When a doctor got pulled over for speeding in a Minnesota highway, she was expecting to get a ticket.
But instead, Dr. Sarosh Janjua received a small act of kindness from a state trooper — and a warning not to speed.
Janjua, a cardiologist, was pulled over by a Minnesota State Patrol officer, she explained in a Facebook post Friday. After handing him her Massachusetts license, she explained that she drives to Minnesota once a month to fill-in for hospitals in the area.
She was scolded by the officer, who said that she “would not only take up resources” if she was in an accident, “but would also not be in a position to help patients.” He didn’t ticket Janjua, but after the stern exchange, she thought he was reaching in his pocket to give her back her license.
Instead, she found five N95 masks in her hands, which she said came “from the supply the state had given him for his protection.” She "burst into tears," she said, from his generosity.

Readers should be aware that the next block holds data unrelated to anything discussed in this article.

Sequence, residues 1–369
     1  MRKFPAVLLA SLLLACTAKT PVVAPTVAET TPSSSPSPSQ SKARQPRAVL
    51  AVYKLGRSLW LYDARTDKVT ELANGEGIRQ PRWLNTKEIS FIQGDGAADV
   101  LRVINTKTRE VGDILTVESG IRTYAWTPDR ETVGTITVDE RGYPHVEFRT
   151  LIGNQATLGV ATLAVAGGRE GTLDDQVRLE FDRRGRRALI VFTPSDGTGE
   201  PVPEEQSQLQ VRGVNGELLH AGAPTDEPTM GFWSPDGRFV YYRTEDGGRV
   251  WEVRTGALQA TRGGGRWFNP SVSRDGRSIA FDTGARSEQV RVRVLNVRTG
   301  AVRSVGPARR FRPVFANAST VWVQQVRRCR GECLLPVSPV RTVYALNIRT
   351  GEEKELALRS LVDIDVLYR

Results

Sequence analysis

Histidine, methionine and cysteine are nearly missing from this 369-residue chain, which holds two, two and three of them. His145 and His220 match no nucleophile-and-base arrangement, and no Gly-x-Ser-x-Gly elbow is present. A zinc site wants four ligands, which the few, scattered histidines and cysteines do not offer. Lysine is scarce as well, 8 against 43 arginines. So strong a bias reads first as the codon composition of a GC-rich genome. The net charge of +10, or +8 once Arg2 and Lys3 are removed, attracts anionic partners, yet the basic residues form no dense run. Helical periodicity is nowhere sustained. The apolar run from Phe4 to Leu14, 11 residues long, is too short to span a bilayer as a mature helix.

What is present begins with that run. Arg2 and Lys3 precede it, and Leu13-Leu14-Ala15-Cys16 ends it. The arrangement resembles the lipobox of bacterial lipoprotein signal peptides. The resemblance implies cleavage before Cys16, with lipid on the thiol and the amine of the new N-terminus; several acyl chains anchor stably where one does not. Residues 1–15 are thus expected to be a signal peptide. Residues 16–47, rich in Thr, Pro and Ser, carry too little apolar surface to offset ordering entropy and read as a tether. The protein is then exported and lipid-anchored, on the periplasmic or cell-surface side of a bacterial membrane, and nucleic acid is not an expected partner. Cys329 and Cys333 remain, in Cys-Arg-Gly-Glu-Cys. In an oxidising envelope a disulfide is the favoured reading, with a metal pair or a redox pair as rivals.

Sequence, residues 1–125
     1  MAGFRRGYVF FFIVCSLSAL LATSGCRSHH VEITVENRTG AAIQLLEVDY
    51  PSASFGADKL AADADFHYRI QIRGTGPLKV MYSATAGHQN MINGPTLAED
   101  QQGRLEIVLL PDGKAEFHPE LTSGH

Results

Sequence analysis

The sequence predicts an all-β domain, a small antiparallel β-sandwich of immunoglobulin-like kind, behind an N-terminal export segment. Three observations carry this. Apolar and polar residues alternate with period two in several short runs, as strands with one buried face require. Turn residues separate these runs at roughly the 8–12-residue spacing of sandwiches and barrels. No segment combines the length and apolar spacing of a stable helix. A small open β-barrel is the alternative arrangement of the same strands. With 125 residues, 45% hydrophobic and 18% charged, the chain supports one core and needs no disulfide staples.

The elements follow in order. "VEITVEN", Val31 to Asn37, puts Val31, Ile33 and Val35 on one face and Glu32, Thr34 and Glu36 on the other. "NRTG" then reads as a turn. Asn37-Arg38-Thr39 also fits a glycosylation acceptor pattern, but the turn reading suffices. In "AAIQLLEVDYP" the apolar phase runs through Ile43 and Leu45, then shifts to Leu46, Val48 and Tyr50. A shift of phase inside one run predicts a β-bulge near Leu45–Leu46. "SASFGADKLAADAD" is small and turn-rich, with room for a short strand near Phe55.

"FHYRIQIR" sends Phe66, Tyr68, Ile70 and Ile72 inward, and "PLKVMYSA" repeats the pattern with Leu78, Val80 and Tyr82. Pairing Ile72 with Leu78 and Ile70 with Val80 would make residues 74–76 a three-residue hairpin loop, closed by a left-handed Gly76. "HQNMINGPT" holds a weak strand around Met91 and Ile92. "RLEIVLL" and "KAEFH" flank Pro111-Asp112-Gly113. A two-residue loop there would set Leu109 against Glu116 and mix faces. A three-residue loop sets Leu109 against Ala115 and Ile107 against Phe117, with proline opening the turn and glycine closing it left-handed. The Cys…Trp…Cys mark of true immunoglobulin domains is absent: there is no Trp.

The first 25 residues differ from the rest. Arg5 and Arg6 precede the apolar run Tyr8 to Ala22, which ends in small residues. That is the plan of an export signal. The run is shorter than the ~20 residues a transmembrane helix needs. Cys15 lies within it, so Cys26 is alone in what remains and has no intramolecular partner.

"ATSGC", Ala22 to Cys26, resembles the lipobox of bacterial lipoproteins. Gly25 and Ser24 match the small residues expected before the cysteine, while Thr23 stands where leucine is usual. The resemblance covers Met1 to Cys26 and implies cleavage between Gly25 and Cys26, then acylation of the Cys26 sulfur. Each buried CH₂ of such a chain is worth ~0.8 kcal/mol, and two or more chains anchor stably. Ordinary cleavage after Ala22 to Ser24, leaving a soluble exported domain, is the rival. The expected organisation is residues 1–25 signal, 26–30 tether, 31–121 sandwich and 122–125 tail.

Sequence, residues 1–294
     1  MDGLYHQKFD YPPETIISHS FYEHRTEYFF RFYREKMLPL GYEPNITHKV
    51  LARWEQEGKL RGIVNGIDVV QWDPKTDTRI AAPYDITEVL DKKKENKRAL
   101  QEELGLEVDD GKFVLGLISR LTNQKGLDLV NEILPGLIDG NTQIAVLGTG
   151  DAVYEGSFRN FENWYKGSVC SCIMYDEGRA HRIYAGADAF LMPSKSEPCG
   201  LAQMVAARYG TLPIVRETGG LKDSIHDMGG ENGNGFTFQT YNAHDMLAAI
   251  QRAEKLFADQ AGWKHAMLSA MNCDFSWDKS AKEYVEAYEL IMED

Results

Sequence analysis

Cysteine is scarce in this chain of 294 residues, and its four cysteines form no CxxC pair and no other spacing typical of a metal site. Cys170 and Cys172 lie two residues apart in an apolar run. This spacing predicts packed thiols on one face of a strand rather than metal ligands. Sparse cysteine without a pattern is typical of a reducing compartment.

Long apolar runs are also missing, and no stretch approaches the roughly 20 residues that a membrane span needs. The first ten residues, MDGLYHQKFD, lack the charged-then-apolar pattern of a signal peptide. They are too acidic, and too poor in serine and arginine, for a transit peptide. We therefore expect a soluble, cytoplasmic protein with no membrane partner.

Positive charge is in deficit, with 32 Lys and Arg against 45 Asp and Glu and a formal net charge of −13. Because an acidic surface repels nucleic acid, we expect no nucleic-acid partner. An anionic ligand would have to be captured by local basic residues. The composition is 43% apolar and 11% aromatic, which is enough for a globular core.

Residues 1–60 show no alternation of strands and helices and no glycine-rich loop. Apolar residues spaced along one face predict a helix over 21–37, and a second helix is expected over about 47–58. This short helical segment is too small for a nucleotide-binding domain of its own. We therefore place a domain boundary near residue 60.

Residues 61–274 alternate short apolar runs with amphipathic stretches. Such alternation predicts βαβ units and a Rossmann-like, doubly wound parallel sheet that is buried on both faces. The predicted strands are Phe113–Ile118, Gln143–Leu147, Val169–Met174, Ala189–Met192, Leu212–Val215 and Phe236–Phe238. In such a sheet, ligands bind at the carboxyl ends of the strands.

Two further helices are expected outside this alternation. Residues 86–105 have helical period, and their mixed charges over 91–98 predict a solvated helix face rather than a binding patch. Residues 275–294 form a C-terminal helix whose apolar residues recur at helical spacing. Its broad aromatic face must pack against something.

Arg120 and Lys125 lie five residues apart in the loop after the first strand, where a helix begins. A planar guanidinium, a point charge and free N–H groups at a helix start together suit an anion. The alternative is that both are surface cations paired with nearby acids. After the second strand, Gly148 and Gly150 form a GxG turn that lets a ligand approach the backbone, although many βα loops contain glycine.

"Like all healthcare workers and emergency responders around the world, I have felt afraid of not having adequate protective equipment, and in my darkest moments, have worried about what would happen if I fell sick far from home," Janjua wrote.
The Minnesota State Patrol later identified the trooper as Brian Schwartz. According to a statement given to NBC News by the patrol, Schwartz noticed two used masks in her bag, suggesting that she was re-using the personal protective equipment, and "thought (she) could use the extra masks."
"Thank you to Sarosh for her hard work and dedication," said a statement published on the Minnesota State Patrol Facebook page. “Troopers are working hard during the pandemic and are thinking about all the first responders who are caring for Minnesotans during this critical time.”
“This complete stranger, who owed me nothing and is more on the front lines than I am, shared his precious masks with me, without my even asking,” Janjua said.
Follow Joshua Bote on Twitter: @joshua_bote.
This article originally appeared on USA TODAY: Coronavirus: Minnesota cop gives doctor N95 masks instead of ticket